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“In the SoundCloud era, we posted music like we post a selfie on Instagram.”

American singer Steve Lacy © Sony Music

American singer Steve Lacy © Sony Music

Number: You just revealed Gemini Rights, your first studio-produced album. How does it represent a turning point in your career?

Steve Lacy: First, there was the pandemic. I started to think about my status, to ask myself why I do what I do and I started to be more confident… This album marks a turning point: the first time I consider myself an artist. Before, although my name was credited on platforms etc, I didn’t think I was good enough to be an artist…

How did you consider yourself?

I was just a guitarist or a producer. I don’t know… I liked my ideas, but I thought of myself only as a musician. Being an artist is about making artistic choices, it’s not just about having good ideas. This album makes me an artist. I thought about it a lot, made choices, edited it the way I wanted…

Does spending time making artistic choices make personal decisions harder to make?

Nope ! Artistic choices are about playing with people’s perception of who you are. And life choices are more like asking what you want to eat today…I would say both are difficult. [Rires.]

Talking about the perception people have of you, why did you hide the fact that you could sing when you were younger?

I didn’t want to be seen as a singer. My little sister pushed me, I worked on my voice, but I hated it because I didn’t want people to hear that I was struggling. It was a mix of pride, fear, I didn’t want anyone to meddle in my business…

How did you consider yourself at the time?

I was just a guy [Rires] ! A guy who experiments.

Are you the type that can’t stop thinking?

Never. I am very impulsive. I even tell myself sometimes that I don’t think enough, that is to say!

Have you deleted Garage Band [le logiciel avec lequel il a entièrement produit ses deux premiers albums] also under the influence of impulsiveness?

Nope ! I don’t use it anymore but I still have it on my phone. I often want to listen to some of my old productions…

How has the SoundCloud platform changed the way you make, find or publish music?

It had a crazy impact! Something we won’t know again… Still from the point of view of someone very impulsive, I think that in the era of SoundCloud, we published music like we post a selfie on Instagram. For example, I produced the track That’s no fun in high school, I made the mix quickly on campus and posted it! It was a very important tool around which a real community gathered. Some are still on it by the way, but this period was fabulous: we didn’t think too much, it wasn’t artistic at all… Now everything is monetized, you have to think more, put more intention, think about what you’re in. as an artist.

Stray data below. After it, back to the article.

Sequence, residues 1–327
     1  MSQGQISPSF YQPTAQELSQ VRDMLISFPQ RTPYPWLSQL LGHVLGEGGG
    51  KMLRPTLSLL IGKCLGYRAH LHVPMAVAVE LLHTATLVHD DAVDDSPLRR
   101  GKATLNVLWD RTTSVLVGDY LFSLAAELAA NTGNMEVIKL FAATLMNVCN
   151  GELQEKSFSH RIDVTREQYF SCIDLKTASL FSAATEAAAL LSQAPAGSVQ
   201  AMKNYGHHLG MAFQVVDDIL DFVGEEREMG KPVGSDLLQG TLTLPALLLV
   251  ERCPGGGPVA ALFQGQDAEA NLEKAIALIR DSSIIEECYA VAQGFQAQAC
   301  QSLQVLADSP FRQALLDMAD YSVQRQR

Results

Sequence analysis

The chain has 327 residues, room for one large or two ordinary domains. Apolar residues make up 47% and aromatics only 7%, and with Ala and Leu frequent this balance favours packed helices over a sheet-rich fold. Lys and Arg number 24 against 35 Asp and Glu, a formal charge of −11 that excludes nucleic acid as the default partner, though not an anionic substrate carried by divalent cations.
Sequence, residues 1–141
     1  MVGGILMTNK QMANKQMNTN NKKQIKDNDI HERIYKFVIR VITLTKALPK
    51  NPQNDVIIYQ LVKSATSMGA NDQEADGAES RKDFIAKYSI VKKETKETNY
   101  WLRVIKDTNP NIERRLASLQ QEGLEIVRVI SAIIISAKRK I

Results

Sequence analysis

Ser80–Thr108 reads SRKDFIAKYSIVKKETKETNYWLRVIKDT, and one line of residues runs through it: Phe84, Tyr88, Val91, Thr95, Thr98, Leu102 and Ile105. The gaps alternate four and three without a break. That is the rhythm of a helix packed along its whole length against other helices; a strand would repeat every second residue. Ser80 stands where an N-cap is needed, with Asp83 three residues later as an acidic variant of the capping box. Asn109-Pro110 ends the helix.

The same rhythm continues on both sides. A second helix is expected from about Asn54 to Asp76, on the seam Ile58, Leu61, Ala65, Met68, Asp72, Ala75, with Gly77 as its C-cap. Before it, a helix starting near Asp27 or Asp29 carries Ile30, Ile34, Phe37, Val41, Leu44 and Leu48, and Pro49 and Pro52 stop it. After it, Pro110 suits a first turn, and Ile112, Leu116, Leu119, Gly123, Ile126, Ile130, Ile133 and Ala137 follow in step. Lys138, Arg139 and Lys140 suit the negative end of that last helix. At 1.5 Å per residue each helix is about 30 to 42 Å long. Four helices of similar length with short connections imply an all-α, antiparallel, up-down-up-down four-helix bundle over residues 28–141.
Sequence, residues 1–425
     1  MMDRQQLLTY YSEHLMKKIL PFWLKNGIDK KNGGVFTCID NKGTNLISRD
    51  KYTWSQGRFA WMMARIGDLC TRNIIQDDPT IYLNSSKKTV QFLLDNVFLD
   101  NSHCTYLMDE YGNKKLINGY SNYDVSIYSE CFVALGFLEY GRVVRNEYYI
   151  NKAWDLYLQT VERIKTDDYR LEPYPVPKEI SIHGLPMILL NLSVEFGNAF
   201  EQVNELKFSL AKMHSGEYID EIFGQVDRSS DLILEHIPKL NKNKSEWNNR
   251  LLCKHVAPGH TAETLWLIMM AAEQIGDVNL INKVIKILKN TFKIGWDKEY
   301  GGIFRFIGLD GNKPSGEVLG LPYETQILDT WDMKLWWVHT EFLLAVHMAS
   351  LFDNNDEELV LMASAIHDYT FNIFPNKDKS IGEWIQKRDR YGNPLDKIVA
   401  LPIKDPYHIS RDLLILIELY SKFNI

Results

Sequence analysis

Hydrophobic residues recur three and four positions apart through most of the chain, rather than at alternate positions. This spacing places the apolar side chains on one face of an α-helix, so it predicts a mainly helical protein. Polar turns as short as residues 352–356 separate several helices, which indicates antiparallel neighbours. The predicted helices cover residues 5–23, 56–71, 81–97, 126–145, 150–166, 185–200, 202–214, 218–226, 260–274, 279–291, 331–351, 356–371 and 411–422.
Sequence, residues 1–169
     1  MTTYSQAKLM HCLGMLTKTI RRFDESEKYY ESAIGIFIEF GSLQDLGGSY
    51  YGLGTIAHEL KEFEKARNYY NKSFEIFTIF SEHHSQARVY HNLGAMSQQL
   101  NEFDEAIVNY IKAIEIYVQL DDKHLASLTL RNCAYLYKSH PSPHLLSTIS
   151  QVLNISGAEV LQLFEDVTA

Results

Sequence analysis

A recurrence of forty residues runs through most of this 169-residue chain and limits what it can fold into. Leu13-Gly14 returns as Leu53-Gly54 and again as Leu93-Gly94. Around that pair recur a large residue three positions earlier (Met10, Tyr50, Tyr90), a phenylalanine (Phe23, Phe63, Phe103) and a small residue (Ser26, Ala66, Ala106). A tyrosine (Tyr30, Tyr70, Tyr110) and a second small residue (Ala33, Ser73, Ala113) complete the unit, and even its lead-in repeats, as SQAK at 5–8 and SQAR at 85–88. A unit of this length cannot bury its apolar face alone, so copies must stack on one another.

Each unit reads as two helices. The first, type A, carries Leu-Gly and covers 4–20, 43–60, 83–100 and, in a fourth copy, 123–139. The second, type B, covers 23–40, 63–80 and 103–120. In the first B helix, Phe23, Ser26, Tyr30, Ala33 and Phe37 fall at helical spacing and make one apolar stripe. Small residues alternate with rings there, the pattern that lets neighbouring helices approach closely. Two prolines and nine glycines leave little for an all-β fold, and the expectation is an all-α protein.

In 2017, Tyler, The Creator released a track called November where he evokes the fear, for an artist, of no longer being as creative as we once were. Have you experienced this feeling since your debut with The Internet?

I think I’ve felt this many times: for my album Steve Lacy’s Demo [2017]the title Palace/Curse [2015] and the scrapbook Ego Death [2015] from The Internet. I was like fuck, shit, I’m good! So, you take the big head… You wonder if you will feel that again. Not if you’re going to produce something as good, but just if you’re going to feel like you’re good again. It’s full of questions, fears…. With this album, I broke away from that: I was finally able to think about what I was going to do after without comparing to what I did before. I had to remove those moments from their pedestal. Tell me ok, it happened and let’s move on. I learned to let go, to detach myself from the moments when I was sad not to be able to go back…

In one of your titles, you say that one does not surprise a person of the Gemini sign. Why ?

I say that because I am everywhere: my mind is in two thousand places at the same time and is always at the crossroads of lots of ideas. I think of all the ways something can happen before it happens..

Your mother and your sister sang backs on a few tracks on the album. I imagine that they gave their opinion at the time of listening. How do you usually receive reviews?

It affects me in a weird way. I tell people to fuck off in the first place, that they don’t know anything about it because it’s my thing, and then I think about it. I tell myself that in the end, they may be right… [Rires] Like when my mother lectured me and I didn’t want to listen to anything and later admitted that she was right.

Gemini Rights (2022) by Steve Lacy, available from RCA Records/Sony Music Entertainment.


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